The Other Stuff

Outside magazine, September 1997

The Other Stuff

Suunto DP-65 Global Compass
Flying into sydney, kathmandu, or santiago, your flight attendant may remind you to reset your watch — but what about your compass? Just as the earth has different time zones, it has different magnetic zones. There are five in all, and they can render a compass useless: That unit you bought in Boulder (zone one) will leave you directionless in the Australian outback (zone five). The new DP-65 Global from Suunto ($70; 800-543-9124), however, is designed to work in all corners of the earth.

A conventional compass relies on a magnetized needle that's balanced to work in a particular zone, so if you take it elsewhere the needle goes haywire and can't give an accurate reading. The genius of the DP-65 Global is that the arms of the needle aren't magnetized themselves. Instead, a cylindrical magnet acts as the hub of the needle and spins on a bearing; it simply can't tilt side to side. As it rotates to find north, the needle — unencumbered by any magnetic field — follows suit, like a propeller. Together, they can take on any zone.

Even those who don't travel the backcountry abroad will appreciate the DP-65 Global. A responsive needle helps you find your way under cover of fog, and a generous sighting mirror will help you navigate when surrounded by canyon walls. And finding the difference between magnetic and geographic north is a cinch: It requires no calculations, because you can set it to automatically correct for declination. The two-ounce unit slides neatly into a matchbox-size plastic case. In all, it's a great instrument, whether you're the globe-trotting type or you just need a new compass. — Michael Lanza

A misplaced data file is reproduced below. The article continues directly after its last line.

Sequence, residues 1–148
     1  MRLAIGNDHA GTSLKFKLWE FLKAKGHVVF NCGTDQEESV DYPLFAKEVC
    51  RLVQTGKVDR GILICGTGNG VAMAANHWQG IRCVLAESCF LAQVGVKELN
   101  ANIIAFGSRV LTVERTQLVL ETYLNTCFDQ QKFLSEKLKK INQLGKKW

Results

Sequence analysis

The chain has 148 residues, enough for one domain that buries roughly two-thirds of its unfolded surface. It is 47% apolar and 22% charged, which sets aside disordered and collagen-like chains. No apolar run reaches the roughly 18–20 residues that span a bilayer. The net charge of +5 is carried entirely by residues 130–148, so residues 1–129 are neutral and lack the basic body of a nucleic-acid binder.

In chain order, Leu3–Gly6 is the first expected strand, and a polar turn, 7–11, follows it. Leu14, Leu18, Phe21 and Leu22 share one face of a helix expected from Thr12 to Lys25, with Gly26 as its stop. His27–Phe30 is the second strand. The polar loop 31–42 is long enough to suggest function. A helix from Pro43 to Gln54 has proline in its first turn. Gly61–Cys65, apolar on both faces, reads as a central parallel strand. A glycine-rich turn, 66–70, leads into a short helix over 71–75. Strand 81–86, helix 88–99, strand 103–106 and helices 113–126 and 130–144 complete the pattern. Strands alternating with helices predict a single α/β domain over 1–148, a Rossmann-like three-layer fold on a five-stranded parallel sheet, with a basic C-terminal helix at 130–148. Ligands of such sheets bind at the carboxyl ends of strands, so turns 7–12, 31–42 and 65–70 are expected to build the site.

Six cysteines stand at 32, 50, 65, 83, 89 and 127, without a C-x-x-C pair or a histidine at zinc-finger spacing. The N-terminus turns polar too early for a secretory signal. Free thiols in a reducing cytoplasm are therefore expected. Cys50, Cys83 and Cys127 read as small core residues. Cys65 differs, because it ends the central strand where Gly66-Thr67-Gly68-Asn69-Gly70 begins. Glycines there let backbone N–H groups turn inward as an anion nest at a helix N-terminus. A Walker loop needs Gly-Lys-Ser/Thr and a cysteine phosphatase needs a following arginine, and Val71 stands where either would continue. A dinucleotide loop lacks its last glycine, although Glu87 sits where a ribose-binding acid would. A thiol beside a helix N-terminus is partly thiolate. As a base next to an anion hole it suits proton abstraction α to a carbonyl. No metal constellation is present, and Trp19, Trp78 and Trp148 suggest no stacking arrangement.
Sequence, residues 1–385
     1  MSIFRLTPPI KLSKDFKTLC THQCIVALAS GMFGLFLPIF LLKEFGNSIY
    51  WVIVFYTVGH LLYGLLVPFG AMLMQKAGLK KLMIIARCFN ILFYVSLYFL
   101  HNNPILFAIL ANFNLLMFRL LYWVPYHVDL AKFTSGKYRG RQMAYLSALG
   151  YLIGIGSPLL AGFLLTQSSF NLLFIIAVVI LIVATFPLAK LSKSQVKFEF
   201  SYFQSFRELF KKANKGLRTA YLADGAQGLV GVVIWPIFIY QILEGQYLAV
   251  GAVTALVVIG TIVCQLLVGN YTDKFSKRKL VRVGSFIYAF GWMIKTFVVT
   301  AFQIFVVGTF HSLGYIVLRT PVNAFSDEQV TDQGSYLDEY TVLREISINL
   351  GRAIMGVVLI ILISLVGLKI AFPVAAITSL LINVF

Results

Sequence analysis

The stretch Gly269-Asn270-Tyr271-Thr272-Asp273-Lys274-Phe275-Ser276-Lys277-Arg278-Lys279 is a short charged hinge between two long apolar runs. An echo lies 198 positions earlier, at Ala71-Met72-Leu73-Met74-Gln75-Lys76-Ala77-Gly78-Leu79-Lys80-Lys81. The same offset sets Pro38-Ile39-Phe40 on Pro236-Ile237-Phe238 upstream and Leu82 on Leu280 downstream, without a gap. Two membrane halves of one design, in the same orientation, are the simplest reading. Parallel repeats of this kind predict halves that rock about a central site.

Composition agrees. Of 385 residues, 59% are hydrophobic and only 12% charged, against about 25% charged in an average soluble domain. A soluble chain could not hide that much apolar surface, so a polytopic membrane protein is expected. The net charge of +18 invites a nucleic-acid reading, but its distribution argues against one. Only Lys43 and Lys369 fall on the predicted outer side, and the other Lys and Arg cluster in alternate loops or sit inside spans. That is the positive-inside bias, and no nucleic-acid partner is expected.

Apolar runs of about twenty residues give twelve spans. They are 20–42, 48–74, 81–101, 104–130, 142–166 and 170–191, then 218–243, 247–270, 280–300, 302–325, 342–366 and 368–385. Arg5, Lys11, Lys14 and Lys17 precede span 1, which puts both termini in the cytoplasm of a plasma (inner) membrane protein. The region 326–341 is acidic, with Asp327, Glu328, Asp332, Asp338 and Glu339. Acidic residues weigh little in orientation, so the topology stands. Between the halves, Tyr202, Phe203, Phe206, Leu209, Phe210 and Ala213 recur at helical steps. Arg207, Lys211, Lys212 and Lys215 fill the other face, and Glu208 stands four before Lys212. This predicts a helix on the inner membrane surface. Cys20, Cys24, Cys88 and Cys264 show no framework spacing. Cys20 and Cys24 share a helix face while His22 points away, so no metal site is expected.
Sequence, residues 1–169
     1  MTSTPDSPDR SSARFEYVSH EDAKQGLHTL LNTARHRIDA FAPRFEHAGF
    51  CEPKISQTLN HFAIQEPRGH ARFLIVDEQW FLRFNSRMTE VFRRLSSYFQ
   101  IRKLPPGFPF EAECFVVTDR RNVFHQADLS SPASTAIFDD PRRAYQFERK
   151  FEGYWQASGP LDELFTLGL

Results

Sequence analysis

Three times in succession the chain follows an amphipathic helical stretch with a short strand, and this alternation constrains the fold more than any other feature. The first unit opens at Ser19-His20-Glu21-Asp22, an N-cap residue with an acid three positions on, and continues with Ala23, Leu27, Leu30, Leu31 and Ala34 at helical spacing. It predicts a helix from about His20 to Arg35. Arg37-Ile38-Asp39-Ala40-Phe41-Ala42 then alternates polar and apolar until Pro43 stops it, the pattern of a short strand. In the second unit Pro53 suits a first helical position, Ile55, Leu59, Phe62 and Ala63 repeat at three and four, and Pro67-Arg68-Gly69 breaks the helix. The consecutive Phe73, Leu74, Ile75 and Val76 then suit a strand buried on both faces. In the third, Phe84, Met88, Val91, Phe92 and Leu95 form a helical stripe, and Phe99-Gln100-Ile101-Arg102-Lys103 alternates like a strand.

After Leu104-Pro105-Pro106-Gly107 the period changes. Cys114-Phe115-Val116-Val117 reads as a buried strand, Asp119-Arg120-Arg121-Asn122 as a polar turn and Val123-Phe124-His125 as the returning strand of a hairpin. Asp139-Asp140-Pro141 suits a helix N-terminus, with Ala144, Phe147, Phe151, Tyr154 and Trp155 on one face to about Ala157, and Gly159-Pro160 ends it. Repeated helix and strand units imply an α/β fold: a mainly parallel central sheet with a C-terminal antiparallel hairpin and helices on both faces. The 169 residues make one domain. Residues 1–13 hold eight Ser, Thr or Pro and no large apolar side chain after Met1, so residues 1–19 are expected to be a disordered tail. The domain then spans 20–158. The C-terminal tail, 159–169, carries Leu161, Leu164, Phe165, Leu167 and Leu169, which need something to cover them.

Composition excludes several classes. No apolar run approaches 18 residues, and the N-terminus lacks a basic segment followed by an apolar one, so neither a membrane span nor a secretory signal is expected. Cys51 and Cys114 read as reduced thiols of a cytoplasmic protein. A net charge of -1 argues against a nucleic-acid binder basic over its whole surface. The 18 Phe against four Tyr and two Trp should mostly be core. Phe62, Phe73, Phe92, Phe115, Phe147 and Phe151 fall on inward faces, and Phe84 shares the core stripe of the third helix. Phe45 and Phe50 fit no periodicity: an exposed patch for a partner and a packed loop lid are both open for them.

Platypus Collapsible Water Bottles
Hydration systems are the talk of the trailhead these days. does your bite valve work well? How do you clean yours? Can you put gin and tonics in that thing? It makes you wonder about the fate of the common water bottle, which suddenly looks rather ungainly. But in a saving move, Cascade Designs has reinvented this simple accessory in the form of the nifty, collapsible Platypus ($3.50-$6.25; 800-531-9531).

Not surprisingly, it vaguely resembles the reservoir of a hydration system. Constructed of three-ply, high-quality plastics with tearproof welds, it's stiff enough to stand on its own but is pleasantly unobtrusive; stuff it in a jacket or jersey pocket. Available in 0.66-, 1.0-, and 2.5-liter sizes, the Platypus flattens as you drink from its wide-stream spout, and when empty you can just fold, roll, or otherwise stash it away. The inner layer is made of food-grade polyethylene, which keeps that volleyball taste from leaching into your beverage. The outer layers can bear the brunt of nature's elements and are meant to withstand repeated freezing and boiling, which means the Platypus can double as an ice pack, a sleeping bag warmer, or even a makeshift highball glass. — Michael Kessler

Art Lee Fishing Shirt
A vest is the fly-fisherman's tackle box, which is nice, except that after several seasons of stuffing it to the gills with ever more gear, wearing it becomes a pain in the neck. Internationally acclaimed angler Art Lee wanted a better way and so helped outdoor clothiers Willis & Geiger design a shirt to do the work of those signature vests, but with enhanced comfort and style.

An even more industrious take on safari wear, the Art Lee Fishing Shirt ($98; 800-223-1408) evenly distributes your payload over arms, chest, shoulders, and back by way of 11 thoughtfully laid-out pockets. One immediate advantage is that they're cavernous: At 11-and-a-half inches deep, the two main chest pockets will swallow the largest of fly boxes, conveniently stowing your array of temptations in one spot. Two more double-buttoned chest pockets prevent small tools from sneaking out, and Willis & Geiger makes good use of the sleeves with a wallet-size pocket on each arm. Finer points include pouches to keep hook-out hemostats and thermometers handy, and grommet-reinforced tabs on the chest to keep hooks and such from wearing holes in your new tackle box.

Willis & Geiger has outfitted everyone from Teddy Roosevelt to Papa Hemingway, and the shirt's construction is of appropriate quality. It fits wonderfully, with a double-gusseted back and articulated sleeves, allowing you to cast with seemingly topless freedom. The fabric is a proprietary, high-twist, 340-thread-per-inch "bush poplin" that's breathable and yet dense enough to turn away morning mist and Alaskan mosquitoes. Now, when the evening hatch is done, you'll be up for trading fish stories rather than rooting around for the high-test ibuprofen. — Jerry Gibbs

Photographs by Leigh Beisch

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